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Final Report: A Sensitive and Affordable Compact Ammonia MonitorEPA Contract Number: EPD08015
Title: A Sensitive and Affordable Compact Ammonia Monitor
Investigators: Shorter, Joanne H
Small Business: Aerodyne Research Inc.
EPA Contact: Manager, SBIR Program
Project Period: March 1, 2008 through August 31, 2008
Project Amount: $70,000
RFA: Small Business Innovation Research (SBIR) - Phase I (2008) RFA Text | Recipients Lists
Research Category: Small Business Innovation Research (SBIR) , SBIR - Air Pollution
Emission of ammonia to the atmosphere is a major environmental concern and a potential health hazard. However, the accurate measurement of ammonia sources requires the development of a high sensitivity, fast response, autonomous, continuous ammonia instrument capable of monitoring present emissions, quantifying the effectiveness of control measures, and evaluating the effects of ammonia emissions on local and regional soils, groundwater, and atmospheric environments. The goal of our SBIR program is to develop a low cost and an extremely compact ammonia monitor based on a novel astigmatic multipass cell. The multipass cell will allow the design of an instrument that is reduced to its optical essentials; little more than a laser, an absorption volume, and a detector. With the elimination of components and complexity, we expect to achieve a lower cost instrument while maintaining high sensitivity of 0.3 parts per billion (ppbv) in a 1 second measurement.
The goal of this program was to investigate the feasibility of developing a lower coast, yet highly sensitive, rapid response instrument for autonomous real-time monitoring of ammonia emissions. The primary research task of the program was to develop a novel multipass absorption cell that will allow the design of a simpler, lower cost instrument. Through the elimination of components and complexity, a lower cost instrument is possible while maintaining sensitivity.
We studied the feasibility of developing a lightweight laser spectrometer based on a novel approach to coupling light from a quantum cascade laser (QCL) into a low-pressure multipass cell. Unlike other Aerodyne Research, Inc. (ARI) astigmatic Herriot cells, we looked at a novel in-line construction. In this arrangement, the laser is at one end of the cell and the light exits at the opposite end of the cell. The optical train outside the cell can be made very compact and simplified, allowing the instrument to be very robust and resistant to misalignment.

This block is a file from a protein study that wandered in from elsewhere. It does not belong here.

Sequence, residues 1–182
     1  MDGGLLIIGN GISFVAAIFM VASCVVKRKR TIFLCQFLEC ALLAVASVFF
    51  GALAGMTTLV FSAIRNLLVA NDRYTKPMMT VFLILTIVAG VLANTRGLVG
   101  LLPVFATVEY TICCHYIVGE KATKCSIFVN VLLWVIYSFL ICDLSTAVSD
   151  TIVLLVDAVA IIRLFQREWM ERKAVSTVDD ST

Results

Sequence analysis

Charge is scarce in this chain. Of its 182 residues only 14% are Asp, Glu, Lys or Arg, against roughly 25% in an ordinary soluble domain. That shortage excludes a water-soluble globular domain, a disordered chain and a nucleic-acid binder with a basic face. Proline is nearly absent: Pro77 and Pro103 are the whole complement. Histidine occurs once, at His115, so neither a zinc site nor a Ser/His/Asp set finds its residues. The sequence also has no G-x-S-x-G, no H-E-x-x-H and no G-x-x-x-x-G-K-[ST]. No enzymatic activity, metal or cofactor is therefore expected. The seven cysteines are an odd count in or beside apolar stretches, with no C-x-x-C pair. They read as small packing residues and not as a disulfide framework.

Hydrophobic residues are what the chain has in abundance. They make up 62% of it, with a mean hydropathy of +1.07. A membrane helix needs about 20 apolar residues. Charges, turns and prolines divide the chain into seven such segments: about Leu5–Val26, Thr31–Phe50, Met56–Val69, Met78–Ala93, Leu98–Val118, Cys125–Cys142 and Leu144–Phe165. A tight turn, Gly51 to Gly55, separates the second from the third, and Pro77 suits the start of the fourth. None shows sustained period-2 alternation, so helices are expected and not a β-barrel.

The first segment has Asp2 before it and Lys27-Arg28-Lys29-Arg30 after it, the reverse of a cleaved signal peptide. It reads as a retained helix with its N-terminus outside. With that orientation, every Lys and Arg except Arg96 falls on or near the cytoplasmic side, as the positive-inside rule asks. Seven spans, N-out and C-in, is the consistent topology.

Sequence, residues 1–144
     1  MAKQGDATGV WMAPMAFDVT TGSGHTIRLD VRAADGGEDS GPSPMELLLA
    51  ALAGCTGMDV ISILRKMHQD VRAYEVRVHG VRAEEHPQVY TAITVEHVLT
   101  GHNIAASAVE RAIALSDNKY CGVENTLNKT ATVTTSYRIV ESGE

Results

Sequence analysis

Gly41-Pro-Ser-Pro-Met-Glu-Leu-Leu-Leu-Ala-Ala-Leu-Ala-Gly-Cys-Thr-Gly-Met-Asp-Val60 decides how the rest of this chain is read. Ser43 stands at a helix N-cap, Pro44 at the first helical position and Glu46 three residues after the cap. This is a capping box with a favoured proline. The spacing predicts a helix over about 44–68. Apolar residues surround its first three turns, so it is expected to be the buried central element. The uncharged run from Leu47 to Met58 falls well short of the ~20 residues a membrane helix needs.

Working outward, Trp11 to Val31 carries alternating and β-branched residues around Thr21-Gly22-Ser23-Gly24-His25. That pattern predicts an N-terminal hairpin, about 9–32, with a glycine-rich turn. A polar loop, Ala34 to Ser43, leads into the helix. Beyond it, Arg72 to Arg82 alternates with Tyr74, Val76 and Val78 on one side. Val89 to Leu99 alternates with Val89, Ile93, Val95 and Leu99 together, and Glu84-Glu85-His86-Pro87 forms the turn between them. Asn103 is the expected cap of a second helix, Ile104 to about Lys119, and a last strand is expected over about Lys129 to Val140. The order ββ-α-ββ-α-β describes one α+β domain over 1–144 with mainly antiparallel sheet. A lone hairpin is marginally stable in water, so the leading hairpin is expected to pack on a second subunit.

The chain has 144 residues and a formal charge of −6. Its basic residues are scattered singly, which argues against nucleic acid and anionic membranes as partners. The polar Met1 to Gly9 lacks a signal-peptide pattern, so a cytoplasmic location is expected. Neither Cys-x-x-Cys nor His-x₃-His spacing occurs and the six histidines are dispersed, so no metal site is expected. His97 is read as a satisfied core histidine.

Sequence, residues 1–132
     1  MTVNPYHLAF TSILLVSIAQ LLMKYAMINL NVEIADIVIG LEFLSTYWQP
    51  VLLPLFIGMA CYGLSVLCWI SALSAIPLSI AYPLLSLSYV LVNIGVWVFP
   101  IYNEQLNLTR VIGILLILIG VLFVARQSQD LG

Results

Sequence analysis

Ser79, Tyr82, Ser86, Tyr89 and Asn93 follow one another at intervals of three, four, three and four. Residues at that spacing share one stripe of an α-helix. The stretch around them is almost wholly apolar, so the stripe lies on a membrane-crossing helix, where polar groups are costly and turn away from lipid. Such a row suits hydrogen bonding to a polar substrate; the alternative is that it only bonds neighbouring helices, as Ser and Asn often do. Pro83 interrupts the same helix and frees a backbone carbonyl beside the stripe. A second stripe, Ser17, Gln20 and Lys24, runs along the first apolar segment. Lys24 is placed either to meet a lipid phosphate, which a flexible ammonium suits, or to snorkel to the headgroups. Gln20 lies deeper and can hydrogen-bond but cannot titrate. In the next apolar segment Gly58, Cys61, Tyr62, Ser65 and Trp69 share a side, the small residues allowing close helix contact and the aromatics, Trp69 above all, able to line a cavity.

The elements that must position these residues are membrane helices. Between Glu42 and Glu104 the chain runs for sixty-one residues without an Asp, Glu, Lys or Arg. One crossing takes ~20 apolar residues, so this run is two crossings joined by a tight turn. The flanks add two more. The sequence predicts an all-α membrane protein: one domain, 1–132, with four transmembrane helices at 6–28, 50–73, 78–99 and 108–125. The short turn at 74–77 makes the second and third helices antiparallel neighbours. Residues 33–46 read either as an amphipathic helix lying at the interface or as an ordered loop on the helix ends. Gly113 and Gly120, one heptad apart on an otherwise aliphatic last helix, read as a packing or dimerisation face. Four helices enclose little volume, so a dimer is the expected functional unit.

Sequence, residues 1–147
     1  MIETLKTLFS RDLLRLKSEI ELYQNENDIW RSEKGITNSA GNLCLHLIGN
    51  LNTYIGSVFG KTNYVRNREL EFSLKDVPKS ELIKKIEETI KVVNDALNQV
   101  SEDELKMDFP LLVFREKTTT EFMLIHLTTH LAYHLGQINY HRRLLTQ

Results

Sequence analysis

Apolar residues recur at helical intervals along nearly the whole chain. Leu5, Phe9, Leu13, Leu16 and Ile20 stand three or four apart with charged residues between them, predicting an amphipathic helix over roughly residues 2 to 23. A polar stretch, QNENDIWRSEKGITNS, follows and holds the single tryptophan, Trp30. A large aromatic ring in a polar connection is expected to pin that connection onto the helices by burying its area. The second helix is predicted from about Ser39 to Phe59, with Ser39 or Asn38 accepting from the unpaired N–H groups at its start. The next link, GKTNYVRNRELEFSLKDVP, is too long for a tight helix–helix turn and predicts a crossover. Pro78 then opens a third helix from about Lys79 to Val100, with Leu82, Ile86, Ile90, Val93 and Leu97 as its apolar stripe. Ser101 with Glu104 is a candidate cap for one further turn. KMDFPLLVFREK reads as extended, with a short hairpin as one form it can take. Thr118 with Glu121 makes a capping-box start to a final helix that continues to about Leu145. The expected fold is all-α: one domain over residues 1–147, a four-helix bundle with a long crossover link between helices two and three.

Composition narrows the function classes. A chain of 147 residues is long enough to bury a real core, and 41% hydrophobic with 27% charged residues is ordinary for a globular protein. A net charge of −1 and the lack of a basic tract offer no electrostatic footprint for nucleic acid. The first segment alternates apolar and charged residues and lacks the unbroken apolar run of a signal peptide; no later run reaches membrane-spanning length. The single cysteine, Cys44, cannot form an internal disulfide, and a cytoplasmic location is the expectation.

In the Phase I program we have investigated the design of the in-line cell and examined the advantages and disadvantages of such a cell. In addition, a variation of this design where the cell is “flooded” with the light was studied. We also have looked at another design of a multipass cell that also could yield significant cost savings by allowing the use of lower cost mirrors and other components.
The flood-fill in-line cell is a variation on the original in-line cell concept wherein we illuminate the cell with a wide-angle beam. The illuminating beam spread angle would be on the order of 0.1 radians, as opposed to a conventional narrow-beam with a spread angle of 0.01 radians. Thus, the magnification of the laser beam would be reduced by a factor of 10, and simpler coupling optics could be used. The output beam would be expected to contain a mixture of path lengths, but that effect may be reduced by appropriate masking of the input beam. The mixture of path lengths also could offer an advantage, because light that arrives at the detector after a small number of passes would exhibit little absorption, and could be used for pulse-normalization.
We have demonstrated that the flood-fill in-line cell configuration can be made to have an output beam with most of the light exiting with the designed pass number, by masking the input beam. The disadvantage of this approach is that the optical transmission of the cell is rather low. Another significant finding from the ray-trace studies of flood-fill illumination is that the output spots are large and oddly shaped. Further examination of output spots for a large number of cases has resulted in a comprehensive model of aberrations in astigmatic cells.
Our studies of the last novel design of a multipass cell indicate that it is a promising route to a low-cost instrument. It could yield significant cost savings by allowing the use of lower cost mirrors and other components. We will file for patent protection of our new cell configuration if further studies continue to be promising.
In the Phase I program we demonstrated the feasibility of developing a lower cost, sensitive quantum cascade laser ammonia monitor through the development of a novel multipass absorption cell. We have identified two possible cell designs for the instrument: an in-line astigmatic multipass cell design based on the ARI AMACs, and a second novel cell design using low-cost components. The incorporation of either new cell along with lower cost collection optics and simpler cooling approaches for the laser and detector will lead to a lower cost, more commercial air monitoring instrument for ammonia and other important atmospheric trace gases.